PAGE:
Our Benedict was in Spain testing some of Kona’s new multi-surface drop-bar bikes. He was keen to get his hands on the Sutra LTD, an off-road, touring capable multi-purpose machine for £2000. Is this the one bike to do everything – touring, gravel and even light mountain biking duties?
The Kona Sutra is an established bike in the Kona line-up. The range includes the base Sutra, which is a traditional touring bike ready to take you around the world, and the Sutra LTD, a more modern take on what a touring bike can be. As Kona put it “The Sutra LTD is what happens when a mountain biker imagines a touring bike”. What they’ve put together is more than just your bog standard tourer – it’s a big, steam-roller of a toy that you can ride anywhere and do anything with.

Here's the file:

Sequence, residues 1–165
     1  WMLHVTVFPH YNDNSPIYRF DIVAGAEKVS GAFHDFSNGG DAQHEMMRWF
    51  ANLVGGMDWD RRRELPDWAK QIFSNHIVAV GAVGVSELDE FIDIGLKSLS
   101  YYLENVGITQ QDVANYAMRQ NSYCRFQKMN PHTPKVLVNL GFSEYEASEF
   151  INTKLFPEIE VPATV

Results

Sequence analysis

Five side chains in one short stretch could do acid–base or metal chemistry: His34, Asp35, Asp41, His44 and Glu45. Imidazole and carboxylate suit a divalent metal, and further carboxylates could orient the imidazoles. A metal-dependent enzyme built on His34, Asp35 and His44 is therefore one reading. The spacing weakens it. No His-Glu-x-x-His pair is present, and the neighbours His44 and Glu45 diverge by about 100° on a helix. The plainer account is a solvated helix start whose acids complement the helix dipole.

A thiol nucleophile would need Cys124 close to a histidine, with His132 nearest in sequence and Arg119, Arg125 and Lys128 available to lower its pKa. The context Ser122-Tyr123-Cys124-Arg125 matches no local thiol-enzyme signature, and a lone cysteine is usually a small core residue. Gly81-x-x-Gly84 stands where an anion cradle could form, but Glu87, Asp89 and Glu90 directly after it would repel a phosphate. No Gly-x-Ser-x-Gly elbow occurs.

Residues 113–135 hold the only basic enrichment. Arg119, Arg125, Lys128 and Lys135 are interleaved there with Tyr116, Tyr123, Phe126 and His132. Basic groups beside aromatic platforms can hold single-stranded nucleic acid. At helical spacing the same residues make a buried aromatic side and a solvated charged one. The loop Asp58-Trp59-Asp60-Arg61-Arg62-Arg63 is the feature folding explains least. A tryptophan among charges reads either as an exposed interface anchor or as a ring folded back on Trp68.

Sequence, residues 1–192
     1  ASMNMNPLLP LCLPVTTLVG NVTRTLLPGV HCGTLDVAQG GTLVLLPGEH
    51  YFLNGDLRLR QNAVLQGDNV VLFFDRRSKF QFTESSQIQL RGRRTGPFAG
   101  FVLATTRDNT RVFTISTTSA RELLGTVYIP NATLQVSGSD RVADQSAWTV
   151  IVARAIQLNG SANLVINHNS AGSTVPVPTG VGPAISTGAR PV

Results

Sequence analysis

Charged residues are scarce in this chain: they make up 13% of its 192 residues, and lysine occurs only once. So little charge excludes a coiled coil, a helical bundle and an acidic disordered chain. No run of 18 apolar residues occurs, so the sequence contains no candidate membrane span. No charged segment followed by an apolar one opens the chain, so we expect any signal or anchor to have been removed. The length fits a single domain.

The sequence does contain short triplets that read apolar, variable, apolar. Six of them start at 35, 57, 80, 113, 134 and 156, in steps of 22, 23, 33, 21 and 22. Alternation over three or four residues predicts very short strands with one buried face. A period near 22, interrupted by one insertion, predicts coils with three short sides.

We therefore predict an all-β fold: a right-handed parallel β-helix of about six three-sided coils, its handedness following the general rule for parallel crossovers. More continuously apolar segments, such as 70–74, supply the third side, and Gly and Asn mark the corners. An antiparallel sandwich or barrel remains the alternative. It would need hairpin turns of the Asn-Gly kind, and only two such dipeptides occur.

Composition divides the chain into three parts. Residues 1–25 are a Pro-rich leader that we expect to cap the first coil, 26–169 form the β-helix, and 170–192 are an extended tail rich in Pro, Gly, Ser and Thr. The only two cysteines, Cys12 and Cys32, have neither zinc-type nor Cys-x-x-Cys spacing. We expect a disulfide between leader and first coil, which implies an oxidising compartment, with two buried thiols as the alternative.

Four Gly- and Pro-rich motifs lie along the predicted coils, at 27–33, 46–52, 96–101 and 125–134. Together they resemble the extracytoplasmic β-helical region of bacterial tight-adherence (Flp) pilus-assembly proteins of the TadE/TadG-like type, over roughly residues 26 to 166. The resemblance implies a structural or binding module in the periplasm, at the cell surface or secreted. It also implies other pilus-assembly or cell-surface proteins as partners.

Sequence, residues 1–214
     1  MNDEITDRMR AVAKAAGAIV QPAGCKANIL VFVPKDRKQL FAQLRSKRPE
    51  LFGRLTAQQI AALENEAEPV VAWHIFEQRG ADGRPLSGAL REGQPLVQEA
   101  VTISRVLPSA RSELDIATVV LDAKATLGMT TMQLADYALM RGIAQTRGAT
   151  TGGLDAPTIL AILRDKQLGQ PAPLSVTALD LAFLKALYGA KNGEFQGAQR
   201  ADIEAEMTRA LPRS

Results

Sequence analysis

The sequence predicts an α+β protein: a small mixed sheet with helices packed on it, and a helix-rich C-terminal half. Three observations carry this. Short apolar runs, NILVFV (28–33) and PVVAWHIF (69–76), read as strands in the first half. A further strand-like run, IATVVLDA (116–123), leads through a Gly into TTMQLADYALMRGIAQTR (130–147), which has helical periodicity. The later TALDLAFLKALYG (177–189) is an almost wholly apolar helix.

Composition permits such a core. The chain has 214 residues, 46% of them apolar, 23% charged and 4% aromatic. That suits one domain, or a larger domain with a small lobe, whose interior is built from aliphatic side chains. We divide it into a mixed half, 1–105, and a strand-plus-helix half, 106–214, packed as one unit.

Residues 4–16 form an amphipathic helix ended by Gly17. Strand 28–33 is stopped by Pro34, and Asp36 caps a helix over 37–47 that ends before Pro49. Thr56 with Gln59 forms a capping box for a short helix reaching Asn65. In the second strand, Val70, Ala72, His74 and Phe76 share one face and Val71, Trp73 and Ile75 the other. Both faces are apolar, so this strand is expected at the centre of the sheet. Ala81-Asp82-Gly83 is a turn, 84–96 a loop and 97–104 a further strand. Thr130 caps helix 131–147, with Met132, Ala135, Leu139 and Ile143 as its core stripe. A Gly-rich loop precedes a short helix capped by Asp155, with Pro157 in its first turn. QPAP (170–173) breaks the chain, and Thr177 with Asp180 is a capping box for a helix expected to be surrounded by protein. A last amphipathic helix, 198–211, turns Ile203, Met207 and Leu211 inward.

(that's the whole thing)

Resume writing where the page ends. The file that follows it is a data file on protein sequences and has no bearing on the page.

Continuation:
For 2018, the Sutra frameset has been updated with thru axles and flat mount brakes. It is very much a continuation of the previous model, but now also features full cable housing to protect against the elements, improved routing (all external) for better tyre clearance (and maintenance) plus an additional mount point on the forks.
Some people might say that this is basically a rigid drop bar mountain-bike, and they might not be totally off the mark. The wide 73mm BB shell fits mountain bike cranks and gives the necessary clearance for the huge 700x50c tyres. I discussed being able to squeeze in up to 2.3” mountain bike tyres on this beast. The 1x drivetrain, the short stem, the wide (drop-) bars all hint at off-road intentions. However, the spec and appearance belie its versatility – this is a bike that you can do anything on.